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Regener, Erich Rudolph Alexander


(b. Schleussenau, near Bromberg, Germany [now Bydgoszcz, Poland], 12 November 1881; d. Stuttgart, Germany, 27 February 1955)physics.

Regener studied physics at the University of Berlin. His doctoral dissertation, begun under Emil Warburg and concluded under Paul Drude, concerned the influence of shortwave light on the oxygen-ozone equilibrium, a subject to which he returned thirty years later in his research on stratospheric physics. Yet he considered his real teacher to be Heinrich Rubens, whom he assisted in Berlin. Regener turned to the new field of nuclear physics at Berlin and qualified as a university lecturer in 1909 with an outstanding Habilitationsschrift on the determination of the elementary electric charge by means of scintillation and charge measurements.

In 1913 he became professor of physics at the agricultural college in Berlin, and in 1920 he accepted a position at the Technische Hochschule in Stuttgart, from which he was dismissed in 1937 because his wife was Jewish. She then emigrated along with both their children. A son, Victor, was also a physicist, and a daughter was married to a physicist. About the time of his dismissal, the Kaiser-Wilhelm-Gesellschaft built for him a research station for stratospheric physics at Friedrichshafen on Lake Constance. In 1944 the facility was transferred to Weissenau, and in 1953 it was elevated by the Max-Planek-Gesellschaft to the status of an institute for stratospheric physics. Regener served as its director until his death. Also, after the war he again held a post at the Technische Hochschule in Stuttgart.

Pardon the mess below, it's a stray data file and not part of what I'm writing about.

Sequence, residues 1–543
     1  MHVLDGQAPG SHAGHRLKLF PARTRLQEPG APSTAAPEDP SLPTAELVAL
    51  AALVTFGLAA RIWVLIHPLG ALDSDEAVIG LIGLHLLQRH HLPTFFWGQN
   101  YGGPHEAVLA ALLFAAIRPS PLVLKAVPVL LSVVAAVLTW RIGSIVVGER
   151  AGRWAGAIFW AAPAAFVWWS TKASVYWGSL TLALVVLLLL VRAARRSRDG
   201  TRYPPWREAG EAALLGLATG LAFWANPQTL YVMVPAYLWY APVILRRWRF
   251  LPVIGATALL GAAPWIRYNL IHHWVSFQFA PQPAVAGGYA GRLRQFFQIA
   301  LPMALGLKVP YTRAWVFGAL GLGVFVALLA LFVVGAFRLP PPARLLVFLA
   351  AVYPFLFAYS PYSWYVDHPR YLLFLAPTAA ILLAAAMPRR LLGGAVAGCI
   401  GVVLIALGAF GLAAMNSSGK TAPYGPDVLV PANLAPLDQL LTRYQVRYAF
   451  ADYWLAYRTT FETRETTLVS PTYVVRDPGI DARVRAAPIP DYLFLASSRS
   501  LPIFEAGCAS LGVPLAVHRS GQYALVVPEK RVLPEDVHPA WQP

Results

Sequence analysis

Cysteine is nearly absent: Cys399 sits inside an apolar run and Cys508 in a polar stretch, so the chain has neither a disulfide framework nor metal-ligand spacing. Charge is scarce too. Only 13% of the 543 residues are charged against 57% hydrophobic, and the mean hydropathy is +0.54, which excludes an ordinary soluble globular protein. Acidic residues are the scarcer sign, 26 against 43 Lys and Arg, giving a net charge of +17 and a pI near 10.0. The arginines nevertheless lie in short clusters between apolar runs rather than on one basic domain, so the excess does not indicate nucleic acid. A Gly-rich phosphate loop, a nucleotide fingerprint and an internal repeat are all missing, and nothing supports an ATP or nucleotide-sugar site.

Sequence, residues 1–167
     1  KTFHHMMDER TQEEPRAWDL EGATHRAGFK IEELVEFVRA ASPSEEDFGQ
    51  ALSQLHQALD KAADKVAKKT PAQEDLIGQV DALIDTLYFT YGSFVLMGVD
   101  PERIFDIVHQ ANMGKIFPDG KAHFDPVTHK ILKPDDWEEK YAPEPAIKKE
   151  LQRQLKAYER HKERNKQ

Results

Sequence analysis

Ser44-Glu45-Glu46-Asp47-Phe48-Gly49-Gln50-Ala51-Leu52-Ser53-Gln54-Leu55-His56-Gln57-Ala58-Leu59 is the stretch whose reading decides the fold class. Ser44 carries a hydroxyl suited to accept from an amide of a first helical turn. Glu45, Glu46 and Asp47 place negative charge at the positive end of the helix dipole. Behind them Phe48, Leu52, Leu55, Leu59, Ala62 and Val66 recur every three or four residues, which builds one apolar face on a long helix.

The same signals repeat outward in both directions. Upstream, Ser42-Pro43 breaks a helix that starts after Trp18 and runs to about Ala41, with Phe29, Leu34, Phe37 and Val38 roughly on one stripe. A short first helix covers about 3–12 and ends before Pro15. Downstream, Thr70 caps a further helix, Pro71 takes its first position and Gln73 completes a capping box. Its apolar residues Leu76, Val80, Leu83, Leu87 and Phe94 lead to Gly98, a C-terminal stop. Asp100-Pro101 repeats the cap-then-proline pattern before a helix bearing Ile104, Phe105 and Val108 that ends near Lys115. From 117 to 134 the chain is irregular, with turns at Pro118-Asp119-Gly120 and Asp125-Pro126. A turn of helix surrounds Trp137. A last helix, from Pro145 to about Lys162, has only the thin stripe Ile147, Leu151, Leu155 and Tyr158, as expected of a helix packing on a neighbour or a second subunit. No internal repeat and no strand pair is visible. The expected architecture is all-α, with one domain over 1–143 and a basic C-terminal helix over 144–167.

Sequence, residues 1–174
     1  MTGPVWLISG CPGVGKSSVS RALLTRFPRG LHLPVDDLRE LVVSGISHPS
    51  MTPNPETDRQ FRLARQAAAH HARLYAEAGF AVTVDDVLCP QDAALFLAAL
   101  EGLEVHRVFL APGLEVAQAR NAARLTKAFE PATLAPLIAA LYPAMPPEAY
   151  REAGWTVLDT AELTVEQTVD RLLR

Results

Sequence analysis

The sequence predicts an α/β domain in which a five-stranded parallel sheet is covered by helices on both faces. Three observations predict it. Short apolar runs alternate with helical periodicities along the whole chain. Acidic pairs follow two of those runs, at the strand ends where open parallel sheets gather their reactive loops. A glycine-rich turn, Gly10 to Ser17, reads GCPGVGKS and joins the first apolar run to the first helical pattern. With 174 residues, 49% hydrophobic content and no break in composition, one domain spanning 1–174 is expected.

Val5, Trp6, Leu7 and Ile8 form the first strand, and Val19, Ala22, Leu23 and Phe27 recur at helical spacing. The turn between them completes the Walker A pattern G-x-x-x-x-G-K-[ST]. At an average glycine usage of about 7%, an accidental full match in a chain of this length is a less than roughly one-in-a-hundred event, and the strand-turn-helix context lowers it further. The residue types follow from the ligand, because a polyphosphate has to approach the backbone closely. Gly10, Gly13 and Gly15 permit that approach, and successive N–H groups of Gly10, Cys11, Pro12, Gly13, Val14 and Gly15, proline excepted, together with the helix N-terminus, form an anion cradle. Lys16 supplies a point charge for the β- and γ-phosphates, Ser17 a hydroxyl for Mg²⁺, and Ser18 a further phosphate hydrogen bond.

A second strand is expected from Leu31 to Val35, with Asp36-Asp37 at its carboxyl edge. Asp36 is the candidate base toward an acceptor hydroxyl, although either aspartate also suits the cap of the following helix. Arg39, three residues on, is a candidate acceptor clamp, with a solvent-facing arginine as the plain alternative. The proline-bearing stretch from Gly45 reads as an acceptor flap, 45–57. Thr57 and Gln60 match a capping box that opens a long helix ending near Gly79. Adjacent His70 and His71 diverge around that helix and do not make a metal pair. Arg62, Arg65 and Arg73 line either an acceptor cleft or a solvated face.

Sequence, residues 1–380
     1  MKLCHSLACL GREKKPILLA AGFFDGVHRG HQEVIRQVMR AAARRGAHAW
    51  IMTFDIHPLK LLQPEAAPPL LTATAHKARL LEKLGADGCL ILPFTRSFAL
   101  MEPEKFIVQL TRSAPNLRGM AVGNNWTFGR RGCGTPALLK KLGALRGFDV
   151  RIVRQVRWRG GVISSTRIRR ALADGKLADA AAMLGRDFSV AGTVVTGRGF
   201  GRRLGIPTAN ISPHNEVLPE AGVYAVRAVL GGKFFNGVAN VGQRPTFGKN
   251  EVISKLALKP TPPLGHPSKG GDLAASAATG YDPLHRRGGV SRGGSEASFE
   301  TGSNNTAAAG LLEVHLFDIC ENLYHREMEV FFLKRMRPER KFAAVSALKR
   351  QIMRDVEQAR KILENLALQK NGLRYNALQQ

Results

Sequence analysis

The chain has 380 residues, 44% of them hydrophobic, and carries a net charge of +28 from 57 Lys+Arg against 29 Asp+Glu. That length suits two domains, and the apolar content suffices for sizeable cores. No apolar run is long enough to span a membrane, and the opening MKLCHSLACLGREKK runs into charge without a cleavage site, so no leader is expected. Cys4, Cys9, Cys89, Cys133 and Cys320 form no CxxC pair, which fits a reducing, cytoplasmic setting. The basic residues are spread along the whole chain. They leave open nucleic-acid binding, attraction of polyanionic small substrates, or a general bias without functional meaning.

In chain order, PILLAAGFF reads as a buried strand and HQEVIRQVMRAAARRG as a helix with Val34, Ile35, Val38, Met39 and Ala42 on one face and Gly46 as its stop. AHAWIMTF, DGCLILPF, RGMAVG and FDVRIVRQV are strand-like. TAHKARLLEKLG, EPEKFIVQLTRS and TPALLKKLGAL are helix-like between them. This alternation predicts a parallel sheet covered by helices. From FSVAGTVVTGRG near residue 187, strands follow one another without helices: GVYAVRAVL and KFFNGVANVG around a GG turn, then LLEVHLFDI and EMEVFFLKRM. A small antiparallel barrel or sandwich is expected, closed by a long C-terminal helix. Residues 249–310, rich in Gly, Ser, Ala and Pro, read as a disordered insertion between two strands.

Regener furnished the first convincing proof of his skill as an experimentalist at Berlin in 1909, when he determined, through the use of a radiation, the elementary electric charge. He based his work on the procedure developed by Rutherford and Geiger—a combination of measuring the charge of a number of a particles and counting these particles by means of the number of points of light (scintillations) they produced as they struck a zinc sulfide screen, which consisted of pulverized zinc sulfide on a base-plate spread with an adhesive material. But this arrangement allowed some a particles to pass between the granules of zinc sulfide and thus escape being counted. Accordingly, Regener sought to find scintillating materials not possessing a granular structure; he settled upon thin layers of yellow diamond. These had the additional advantage of permitting the investigator to count points of light on the reverse side. He obtained the result e = 4.79.l0-10 electrostatic units, which differs from the presently accepted figure of 4.802 by only two parts per thousand. At the beginning of his stay in Stuttgart, Regener and his co-workers attempted to find out why, when Millikan’s oil-drop method was used to determine the elementary charge, there also appeared smaller charges, the so-called subelectrons. They were able to show that the reason was that the masses of the drops had been incorrectly determined through a failure to take into account the rate of vaporization.